“Chishti ne jo dii thhi mai woh ab tak hai paimanon mein
Nanak ki taalim abhi tak guunj rahi hai kaanon mein
Bharat pyara desh hamara sab deshon se nyara hai”

And here’s Arsh Malsiyani singing in the same refrain in Mere Pyarae Watan:

“In every age your sufis
Have appeared as prophets
From Chishti and Nanak we have learnt
The superiority of asceticism and freedom”

“Sufi tere har daur mein
Kaarte rahe paighambari
Chishti o Nanak se mili
 Faqr-o-ghina ko bartari”

Then there is Tilok Chand Mehroom who paints a luminous portrait of Guru Nanak in Tasweer-e Rehmat (The Portrait of Mercy):

“To honour you is to honour all existence Guru Nanak
Your luminosity illuminates every particle Guru Nanak
Your estate endows the intoxication of enlightenment Guru Nanak
Your writings are the summit of worshipping truth Guru Nanak
Divine mercy streams down from your portrait Guru Nanak
Is it your portrait or is it a replica of kindness
Is it your portrait or is it an imprint of reality
Is it your portrait or is it an evidence of nobility
Is it your portrait or is it comfort for a troubled heart
Divine mercy streams down from your portrait Guru Nanak”

“Teri tauqir se tauqir-e-hasti hai Guru Nanak
Teri tanvir har zarre mein basti hai Guru Nanak
Teri jagir mein irfan ki masti hai Guru Nanak
Teri tahrir auj-e-haq-parasti hai Guru Nana
Teri tasvir se rahmat barasti hai Guru Nana
 Zuhuristan-e-rahmat hai ki yeh tasvir hai teri
Koi naqsh-e-haqiqat hai ki yeh tasvir hai teri
Ayaan suh-e-saadat hai ki yeh tasvir hai teri
Dil-e-muztar ki rahat hai ki ye tasvir hai ter
Teri tasvir se rahmat barasti hai Guru Nanak”

It isn’t just the poets of yore but contemporary ones too who invoke the name of Nanak in different ways. For instance, talking of Urdu or zuban-i Hind, Manzar Bhopali calls out to the centuries-old tradition of mingling of languages and cultures:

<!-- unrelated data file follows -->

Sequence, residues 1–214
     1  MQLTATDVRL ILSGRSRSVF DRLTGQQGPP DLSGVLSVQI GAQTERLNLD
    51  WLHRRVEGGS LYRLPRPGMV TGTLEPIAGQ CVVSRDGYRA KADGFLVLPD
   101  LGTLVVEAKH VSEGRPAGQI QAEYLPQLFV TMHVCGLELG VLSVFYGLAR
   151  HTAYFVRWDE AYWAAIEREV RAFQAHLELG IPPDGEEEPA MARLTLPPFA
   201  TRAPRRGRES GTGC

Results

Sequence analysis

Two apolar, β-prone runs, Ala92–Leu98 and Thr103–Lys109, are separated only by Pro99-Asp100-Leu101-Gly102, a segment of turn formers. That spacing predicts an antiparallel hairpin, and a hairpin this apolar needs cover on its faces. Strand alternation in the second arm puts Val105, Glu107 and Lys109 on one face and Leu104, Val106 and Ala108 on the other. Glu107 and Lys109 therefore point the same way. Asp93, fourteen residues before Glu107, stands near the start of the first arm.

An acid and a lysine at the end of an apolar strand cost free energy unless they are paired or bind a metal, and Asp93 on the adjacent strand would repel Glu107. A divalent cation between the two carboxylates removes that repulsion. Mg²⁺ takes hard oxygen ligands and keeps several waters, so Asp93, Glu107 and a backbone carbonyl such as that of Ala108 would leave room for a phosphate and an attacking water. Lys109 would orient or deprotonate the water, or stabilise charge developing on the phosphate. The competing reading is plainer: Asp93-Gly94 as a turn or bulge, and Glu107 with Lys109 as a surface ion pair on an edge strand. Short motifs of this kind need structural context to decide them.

This is the language of Nanak and Khusrau and Daya Shankar”

Yeh Nanak ki yeh Khusrau ki Daya Shankar ki boli hai”

In Hindola (Cradle), a long poem replete with images of a shared past, Firaq Gorakhpuri says:

“Rahim, Nanak, Chaitanaya and Chishti
Spent their childhood in this very expanse”

“Rahim Nanak o Chaitanya aur Chishti ne
Inhin fazaon mein bachpan ke din guzare thhe”

To conclude, here’s an exquisite little poem by Anand Narain Mulla on the 500th birth anniversary of Guru Nanak in 1969:

“How must the lamp of truth shed its radiance in the tyranny of life’s grossness
The light snuffed from the world’s eyes is illuminated by the light of Nanak
Neither is anyone pure nor impure, nor is anyone high or low
It is the Guru’s tavern where everyone is served the wine of Nanak
All differences are removed here and no trace of impurity remains
This word of love, this state of knowledge, this throne of humanity, this name of Nanak”

Kasafat-e-zindagi ki zulmat mein sham-e-haq zau-fishan ho kaise
Jahan ki bujhti hui nigahon ko jagmagata hai baam-e-Nanak
Na paak koi na koi napak koi uncha na koi nicha
Guru ka yeh mai-kada hai is ja har ik ko milta hai jaam-e-Nanak
Yahan mitte aa ke tafraqe sab rahi na aloodgi koi bhi
Yeh harf-e-ulfat, ye taur-e-irfan, ye arsh-e-insan, ye naam-e-Nanak”